HutchCC media production students talk about the program and their short film

HutchCC media production students talk about the program and their short film

By Zariah A. Perilla-Best / Staff Writer

Almost everyone has seen a movie, but even more are being produced daily.

Hutchinson Community College Media Production and Analyst Trainer Bobby Obermite said that nearly five to 10 films are being produced every 10 days at Hutchinson Community College.

The Media Production and Communication department is located inside Building 12, which is off the main campus, about a half mile north at 1800 N Plum St, so it may not be as well known to HutchCC students. But it has amazing opportunities. Opportunities that HutchCC students Nicole Ingold and Joy Reiss took advantage of.

They combined to produce a short film called “Pretty Now?”, which is about bringing awareness to eating disorders. A heavy topic, but one they hope drives a much-needed conversation. The film aims to bring light to it, as well as provide information on how to get help.

Ingold and Reiss discussed how they bonded over eating disorders, and how they both struggled with them for years while discussing it in class one day, and the negative effects on being on opposite sides of the spectrum. Thus, they decided that this would be the focus of the film.

The two entered this film into a first-year filmmakers contest called “First-time Filmmaker Online Session partnered with lift-off global network”, and “Pretty Now?” ranked 41 out of 115 entries.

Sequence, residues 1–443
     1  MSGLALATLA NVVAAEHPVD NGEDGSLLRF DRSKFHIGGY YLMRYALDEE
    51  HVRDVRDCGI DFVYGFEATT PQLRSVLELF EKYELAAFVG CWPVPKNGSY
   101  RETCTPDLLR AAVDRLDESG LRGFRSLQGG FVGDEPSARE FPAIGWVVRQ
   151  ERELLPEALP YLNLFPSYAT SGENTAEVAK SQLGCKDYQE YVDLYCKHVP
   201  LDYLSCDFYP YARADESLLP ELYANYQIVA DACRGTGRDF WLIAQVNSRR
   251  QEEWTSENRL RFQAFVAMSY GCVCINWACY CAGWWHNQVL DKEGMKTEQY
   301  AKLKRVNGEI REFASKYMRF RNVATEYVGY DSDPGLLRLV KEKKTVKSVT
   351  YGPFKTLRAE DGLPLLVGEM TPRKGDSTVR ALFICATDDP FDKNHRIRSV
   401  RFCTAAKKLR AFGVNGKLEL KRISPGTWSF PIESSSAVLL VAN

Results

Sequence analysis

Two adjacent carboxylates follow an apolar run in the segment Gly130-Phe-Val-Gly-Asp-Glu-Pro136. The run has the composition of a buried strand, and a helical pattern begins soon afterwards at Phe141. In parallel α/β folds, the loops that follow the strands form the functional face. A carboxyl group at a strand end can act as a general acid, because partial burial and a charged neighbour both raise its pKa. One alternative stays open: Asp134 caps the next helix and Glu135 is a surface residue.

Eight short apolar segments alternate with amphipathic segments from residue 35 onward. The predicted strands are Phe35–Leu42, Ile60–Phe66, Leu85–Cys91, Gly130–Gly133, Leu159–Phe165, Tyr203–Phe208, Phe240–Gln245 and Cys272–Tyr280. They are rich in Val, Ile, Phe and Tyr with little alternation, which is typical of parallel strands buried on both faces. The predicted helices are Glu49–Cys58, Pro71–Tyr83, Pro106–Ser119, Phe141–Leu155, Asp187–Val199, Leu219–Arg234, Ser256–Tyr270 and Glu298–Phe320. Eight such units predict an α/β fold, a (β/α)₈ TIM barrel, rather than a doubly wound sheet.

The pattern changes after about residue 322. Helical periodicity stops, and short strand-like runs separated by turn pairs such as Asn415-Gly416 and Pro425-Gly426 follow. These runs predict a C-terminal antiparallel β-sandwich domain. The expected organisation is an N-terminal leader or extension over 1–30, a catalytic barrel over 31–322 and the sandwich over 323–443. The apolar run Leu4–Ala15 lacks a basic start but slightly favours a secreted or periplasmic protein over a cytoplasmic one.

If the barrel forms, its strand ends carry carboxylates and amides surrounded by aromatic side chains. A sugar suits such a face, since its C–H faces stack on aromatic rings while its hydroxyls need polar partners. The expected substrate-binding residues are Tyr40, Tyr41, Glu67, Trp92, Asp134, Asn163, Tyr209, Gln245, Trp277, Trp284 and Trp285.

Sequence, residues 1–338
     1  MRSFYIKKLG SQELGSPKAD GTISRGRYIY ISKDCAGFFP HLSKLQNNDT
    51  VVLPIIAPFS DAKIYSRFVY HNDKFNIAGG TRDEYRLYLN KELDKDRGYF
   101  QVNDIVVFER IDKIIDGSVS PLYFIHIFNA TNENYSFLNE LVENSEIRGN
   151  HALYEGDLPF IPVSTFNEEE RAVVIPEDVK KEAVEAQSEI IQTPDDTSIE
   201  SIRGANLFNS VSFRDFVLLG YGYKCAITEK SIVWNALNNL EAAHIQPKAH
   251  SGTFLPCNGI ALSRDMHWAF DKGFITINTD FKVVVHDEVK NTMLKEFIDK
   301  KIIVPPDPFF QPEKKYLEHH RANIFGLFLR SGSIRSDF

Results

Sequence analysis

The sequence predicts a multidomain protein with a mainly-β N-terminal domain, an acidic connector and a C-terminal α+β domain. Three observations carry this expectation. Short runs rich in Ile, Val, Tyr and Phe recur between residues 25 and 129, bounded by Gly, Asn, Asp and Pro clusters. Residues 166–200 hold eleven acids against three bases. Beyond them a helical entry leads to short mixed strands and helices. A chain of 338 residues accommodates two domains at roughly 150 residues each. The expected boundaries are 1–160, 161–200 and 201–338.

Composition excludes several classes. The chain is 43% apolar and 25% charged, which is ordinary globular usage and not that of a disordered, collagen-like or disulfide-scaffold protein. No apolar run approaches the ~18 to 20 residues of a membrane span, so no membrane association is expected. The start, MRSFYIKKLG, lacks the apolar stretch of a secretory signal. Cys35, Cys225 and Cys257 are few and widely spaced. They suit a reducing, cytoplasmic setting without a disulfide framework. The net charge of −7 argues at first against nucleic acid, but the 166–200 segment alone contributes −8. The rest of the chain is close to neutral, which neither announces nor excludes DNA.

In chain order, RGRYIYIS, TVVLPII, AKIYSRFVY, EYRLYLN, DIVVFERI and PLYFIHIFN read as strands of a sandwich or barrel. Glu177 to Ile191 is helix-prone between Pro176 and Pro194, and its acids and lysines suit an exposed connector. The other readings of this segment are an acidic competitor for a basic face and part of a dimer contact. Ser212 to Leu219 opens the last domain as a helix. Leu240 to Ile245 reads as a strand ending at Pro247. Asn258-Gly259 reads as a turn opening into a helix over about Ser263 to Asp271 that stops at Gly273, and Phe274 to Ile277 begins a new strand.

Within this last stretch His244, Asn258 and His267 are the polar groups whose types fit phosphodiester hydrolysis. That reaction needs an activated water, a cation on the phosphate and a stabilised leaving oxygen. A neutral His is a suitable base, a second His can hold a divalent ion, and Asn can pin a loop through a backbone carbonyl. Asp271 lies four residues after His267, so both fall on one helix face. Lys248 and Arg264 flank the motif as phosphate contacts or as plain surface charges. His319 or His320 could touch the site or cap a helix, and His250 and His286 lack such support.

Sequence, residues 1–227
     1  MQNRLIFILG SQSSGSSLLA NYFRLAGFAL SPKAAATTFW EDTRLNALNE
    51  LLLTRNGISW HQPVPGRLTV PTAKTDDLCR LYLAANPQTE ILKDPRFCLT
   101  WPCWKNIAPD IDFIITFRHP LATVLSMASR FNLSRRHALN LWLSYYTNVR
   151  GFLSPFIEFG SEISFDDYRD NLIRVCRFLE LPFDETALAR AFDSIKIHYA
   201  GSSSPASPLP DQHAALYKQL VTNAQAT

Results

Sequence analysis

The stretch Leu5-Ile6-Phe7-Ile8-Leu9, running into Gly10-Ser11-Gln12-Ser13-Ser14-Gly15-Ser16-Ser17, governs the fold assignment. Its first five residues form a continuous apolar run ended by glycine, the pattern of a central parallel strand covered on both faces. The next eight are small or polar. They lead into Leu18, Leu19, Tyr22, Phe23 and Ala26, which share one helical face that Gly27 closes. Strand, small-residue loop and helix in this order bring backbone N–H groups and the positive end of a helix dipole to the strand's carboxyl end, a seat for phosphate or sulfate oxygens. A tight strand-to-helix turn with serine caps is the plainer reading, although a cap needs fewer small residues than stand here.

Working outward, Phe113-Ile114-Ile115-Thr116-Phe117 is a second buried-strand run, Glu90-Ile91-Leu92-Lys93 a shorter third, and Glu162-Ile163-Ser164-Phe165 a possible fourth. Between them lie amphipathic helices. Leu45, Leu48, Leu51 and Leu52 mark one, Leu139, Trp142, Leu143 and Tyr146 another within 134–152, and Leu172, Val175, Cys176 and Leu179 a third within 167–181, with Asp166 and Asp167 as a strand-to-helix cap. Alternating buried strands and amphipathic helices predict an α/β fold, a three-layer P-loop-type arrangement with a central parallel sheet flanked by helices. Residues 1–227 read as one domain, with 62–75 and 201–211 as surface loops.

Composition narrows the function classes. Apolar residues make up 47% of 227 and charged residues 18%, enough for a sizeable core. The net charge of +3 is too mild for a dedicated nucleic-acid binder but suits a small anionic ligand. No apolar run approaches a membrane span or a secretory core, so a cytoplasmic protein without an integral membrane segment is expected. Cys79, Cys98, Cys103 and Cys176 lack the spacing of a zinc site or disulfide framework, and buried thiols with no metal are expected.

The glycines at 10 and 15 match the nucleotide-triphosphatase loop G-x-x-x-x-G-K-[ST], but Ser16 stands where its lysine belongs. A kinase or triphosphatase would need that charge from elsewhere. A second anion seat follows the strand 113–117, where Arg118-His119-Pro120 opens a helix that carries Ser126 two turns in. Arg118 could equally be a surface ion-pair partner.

The film’s aim may help bring perspective of what it’s like to face their challenges. What it’s like to walk in their shoes.

In addition to “Pretty Now?”, Ingold and Reiss recently released another short film called “Piano Man,” “which is a love story about a woman who sees a guy every time she hears a certain song” and although they have no other films in the making, they said they have ambitions to produce more in the near future because of how the curriculum is set up.

“The student’s are required to come out with a short film about once a week, and with how many students there are that means about 10 films are produced,” Obermite said.

He wishes that it was more popular but unfortunately “It’s like our own little world.

“There’s kids who are born and raised in this town who don’t even know about how amazing our program is. And then they go to some college like KU and, as far as I know, they don’t have a program for film there.”

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